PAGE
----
Mayor in northeast B.C. weighs in on Kitimat’s work camp issues

Bill Streeper speaks on the issue of work camps and how they fit in to his vision in Fort Nelson.

The mayor of the Northern Rockies Regional Municipality has seen first hand the effects of work camps in a community.

So when asked for his thoughts in regards to the proposals facing Kitimat, he warns the benefits are unlikely to materialize for local businesses.

The Sentinel sought Bill Streeper out after a resident at last week’s work camp town hall meeting recalled hearing a set of speakers from a few years back, which included Streeper. She said Streeper, talking of development and expansion, told the attendees that his community absolutely did not let large work camps into Fort Nelson.

Streeper confirms that is his perspective.

“The value for the community out of this [local camps] compared to the deficit to the community was vast. They carried no value,” he said.

He spoke primarily of industry-created work camps rather than worker accommodation companies such as PTI Group.

“When camps of this size are too close to the community they carry too many social problems,” he continued.

He used the example of a large group of men all deciding to go to the bar at once to have beers, with the potential for things like fights to break out.

But is there benefit to the community beyond liquor establishments? Not from temporary workers, he says.

“You get a lot of the retailers say ‘no, we want the business.’ Well, there is no business. They’re not going to town shopping, they’re not buying a gift for their wife or girlfriend back home,” he said.

He said his community has accepted smaller scale accommodations for local companies who need a place to house their workers when no other place is available. But with local companies it’s easier to deal with them if there are issues, and their accommodations don’t run higher than about 50 typically.

So what’s the solution? Focus on the permanent workers.

“You’ve got to start working to make sure you’ve got housing, subdivisions they [permanent workers] can go in,” he said.

The money for a community is not made from temporary workers, he said, but from the people who will stick around for a project’s operations.

“If you end up, for example, getting 50 people…you’re going to need another 150 just to service them guys,” he said.

“You want to start hitting the ground with them and say ‘no, we won’t allow your camps in the community because we don’t want you flying the permanent people in and out of here.”

As far as the community goes, it needs to know upfront how many people will be needed to run a facility like an LNG plant, how many support workers they expect (tug boats, for instance), and if the company has a plan to house these people, and what that plan is.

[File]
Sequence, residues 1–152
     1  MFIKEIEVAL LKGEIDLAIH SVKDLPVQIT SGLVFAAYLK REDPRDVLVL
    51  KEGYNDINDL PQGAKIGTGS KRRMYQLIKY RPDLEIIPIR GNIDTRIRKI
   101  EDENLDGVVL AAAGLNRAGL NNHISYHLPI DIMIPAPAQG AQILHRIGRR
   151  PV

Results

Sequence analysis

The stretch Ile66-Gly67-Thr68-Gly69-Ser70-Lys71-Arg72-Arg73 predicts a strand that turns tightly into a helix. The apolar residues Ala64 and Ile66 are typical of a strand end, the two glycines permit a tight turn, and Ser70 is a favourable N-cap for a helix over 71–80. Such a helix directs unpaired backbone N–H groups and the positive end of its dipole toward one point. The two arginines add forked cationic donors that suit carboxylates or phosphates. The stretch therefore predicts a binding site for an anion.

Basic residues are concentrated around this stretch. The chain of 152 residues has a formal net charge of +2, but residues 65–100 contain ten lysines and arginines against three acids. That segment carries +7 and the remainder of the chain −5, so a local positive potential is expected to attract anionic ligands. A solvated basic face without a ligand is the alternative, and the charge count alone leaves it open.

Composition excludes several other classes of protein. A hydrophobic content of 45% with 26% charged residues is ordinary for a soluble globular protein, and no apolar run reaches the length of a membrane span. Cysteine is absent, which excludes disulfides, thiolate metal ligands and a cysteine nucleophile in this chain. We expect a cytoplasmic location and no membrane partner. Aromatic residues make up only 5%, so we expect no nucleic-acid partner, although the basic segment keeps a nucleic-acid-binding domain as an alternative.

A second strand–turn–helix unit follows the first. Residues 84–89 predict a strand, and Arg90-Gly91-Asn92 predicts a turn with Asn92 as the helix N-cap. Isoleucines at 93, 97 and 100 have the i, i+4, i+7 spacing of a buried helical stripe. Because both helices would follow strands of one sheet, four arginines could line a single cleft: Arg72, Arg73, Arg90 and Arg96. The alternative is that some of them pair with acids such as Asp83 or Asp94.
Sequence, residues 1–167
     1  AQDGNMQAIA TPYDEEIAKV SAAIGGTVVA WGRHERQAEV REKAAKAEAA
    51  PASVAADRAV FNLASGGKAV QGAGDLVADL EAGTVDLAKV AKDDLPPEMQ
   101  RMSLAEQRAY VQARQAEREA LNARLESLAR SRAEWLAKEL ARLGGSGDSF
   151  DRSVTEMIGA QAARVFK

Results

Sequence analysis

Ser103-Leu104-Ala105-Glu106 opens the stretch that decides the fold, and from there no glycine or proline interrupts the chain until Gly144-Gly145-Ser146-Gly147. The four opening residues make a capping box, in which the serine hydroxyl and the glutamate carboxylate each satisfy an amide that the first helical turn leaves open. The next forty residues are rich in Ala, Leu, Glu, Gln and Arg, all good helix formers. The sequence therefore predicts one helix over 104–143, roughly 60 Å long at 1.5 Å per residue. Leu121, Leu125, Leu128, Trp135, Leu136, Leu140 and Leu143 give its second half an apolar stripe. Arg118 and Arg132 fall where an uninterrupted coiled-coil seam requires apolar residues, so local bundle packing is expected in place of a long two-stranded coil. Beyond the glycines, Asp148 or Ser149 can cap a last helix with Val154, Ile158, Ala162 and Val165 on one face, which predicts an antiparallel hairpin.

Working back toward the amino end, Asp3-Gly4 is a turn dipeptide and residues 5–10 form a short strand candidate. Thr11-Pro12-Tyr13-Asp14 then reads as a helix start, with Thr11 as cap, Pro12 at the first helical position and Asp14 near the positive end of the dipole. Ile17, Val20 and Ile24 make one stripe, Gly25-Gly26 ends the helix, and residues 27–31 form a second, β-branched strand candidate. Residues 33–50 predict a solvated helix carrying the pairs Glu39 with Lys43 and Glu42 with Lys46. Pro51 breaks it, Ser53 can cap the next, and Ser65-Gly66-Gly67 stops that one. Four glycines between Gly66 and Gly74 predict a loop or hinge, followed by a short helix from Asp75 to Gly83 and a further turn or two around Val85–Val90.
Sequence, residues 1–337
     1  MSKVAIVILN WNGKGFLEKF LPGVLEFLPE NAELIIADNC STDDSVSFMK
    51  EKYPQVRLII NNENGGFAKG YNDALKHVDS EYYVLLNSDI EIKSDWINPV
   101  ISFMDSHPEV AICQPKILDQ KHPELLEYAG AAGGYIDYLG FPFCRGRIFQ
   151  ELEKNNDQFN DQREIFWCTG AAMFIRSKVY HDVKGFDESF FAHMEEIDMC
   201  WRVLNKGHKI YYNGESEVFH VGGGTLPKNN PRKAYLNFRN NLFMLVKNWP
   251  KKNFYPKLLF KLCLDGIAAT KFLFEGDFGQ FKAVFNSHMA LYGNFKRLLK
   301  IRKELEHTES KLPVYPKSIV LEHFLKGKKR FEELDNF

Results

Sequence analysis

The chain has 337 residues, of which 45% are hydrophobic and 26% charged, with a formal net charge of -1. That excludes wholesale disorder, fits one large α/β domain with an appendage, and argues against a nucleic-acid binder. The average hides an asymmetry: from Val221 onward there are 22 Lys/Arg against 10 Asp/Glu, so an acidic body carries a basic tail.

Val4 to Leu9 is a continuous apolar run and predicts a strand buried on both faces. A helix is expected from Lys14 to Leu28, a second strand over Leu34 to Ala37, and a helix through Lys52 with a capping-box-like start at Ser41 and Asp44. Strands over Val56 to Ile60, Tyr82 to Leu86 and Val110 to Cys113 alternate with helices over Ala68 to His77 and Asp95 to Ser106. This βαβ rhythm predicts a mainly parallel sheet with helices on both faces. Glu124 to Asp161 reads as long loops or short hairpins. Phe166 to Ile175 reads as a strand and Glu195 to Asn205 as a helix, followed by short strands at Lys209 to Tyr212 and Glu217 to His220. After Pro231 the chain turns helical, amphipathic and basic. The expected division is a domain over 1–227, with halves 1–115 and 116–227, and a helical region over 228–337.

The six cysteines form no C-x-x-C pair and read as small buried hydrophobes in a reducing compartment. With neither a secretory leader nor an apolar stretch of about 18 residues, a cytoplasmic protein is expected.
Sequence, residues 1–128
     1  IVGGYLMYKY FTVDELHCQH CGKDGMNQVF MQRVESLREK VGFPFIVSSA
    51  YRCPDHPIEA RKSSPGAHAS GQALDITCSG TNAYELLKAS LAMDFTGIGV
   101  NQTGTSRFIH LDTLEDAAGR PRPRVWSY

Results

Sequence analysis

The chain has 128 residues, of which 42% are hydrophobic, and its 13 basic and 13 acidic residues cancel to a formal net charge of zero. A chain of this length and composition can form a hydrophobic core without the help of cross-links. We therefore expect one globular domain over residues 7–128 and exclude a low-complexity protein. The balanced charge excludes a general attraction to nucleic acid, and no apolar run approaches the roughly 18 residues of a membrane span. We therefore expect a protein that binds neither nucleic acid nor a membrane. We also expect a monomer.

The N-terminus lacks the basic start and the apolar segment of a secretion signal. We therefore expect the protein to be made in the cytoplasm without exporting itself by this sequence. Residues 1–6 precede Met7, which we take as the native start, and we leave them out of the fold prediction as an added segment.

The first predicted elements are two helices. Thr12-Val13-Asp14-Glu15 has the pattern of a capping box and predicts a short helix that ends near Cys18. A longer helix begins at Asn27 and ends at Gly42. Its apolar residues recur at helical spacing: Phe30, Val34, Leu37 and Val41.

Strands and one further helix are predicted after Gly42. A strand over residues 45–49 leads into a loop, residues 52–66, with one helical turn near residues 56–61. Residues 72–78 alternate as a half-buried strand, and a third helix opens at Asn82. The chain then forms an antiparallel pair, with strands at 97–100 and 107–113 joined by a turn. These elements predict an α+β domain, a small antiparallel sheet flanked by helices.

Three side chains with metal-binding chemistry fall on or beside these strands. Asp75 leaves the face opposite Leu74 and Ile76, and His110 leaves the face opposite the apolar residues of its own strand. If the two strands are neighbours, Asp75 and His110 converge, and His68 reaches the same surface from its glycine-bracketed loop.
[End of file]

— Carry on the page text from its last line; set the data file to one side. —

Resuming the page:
Once a town can get a handle on what to do with permanent workers, then it will see the benefits, he said.

The Sentinel is seeking out comment from PTI Group about their experiences operating within communities as well, however we could not reach them by our press deadline.

Just Posted

VIDEO: Coast Mountains School District runs mobile trades program

Trades van travels to Terrace, Kitimat, Hazelton, Stewart and beyond to bring projects to kids

Moms of those killed by illicit opioids take to B.C. Legislature in call for action

Moms Stop the Harm, a nationwide network of families who have lost loved ones to overdoses rally

Second World War prompts airport construction

And now it’s the busiest airport in the region

Trudeau announces bioregional oceans protection agreement in Prince Rupert

Agreement announced in partnership with 14 central and north coast First Nations

115 new wildfires burning across B.C. due to 19,000 lightning strikes

More fires expected to start today, says BC Wildfire Service officials

VIDEO: Canadian toddler caught practising hockey skills in crib

Eli Graveline is getting praise from far and wide as the internet freaks out of cute throwback video

Rainbow crosswalk in B.C. defaced 10 days after installation

Surrey’s first rainbow crosswalk has been defaced sometime over the weekend

Closing arguments expected in trial for twice convicted Canadian killer

Crown, defence expected to give closing arguments in Millard murder trial

Pigs crash yoga class in B.C.

First it was goats, now it’s pigs — you can get downward dog with the whole farm in Aldergrove

Canadians undertake the world’s most dangerous peacekeeping mission

A dozen Canadian peacekeepers arrive in Mali as yearlong mission begins

U.S. justices won’t hear case of anti-gay marriage florist

The case is regarding whether business owners can refuse on religious grounds to comply with anti-discrimination laws

Kangaroo stops play during Australian soccer match

The women’s game stopped play for more than 30 minutes on Monday due to the kangaroo

Man shot dead in Surrey ID’d as hockey coach and father of two

Murder of Paul Bennett – a respected Peace Arch Hospital worker and ‘champion of sport’ – ‘not random’

Serial killer Robert Pickton transferred to Quebec: victim’s family

Pickton was convicted in December 2007 of six counts of second degree murder

Most Read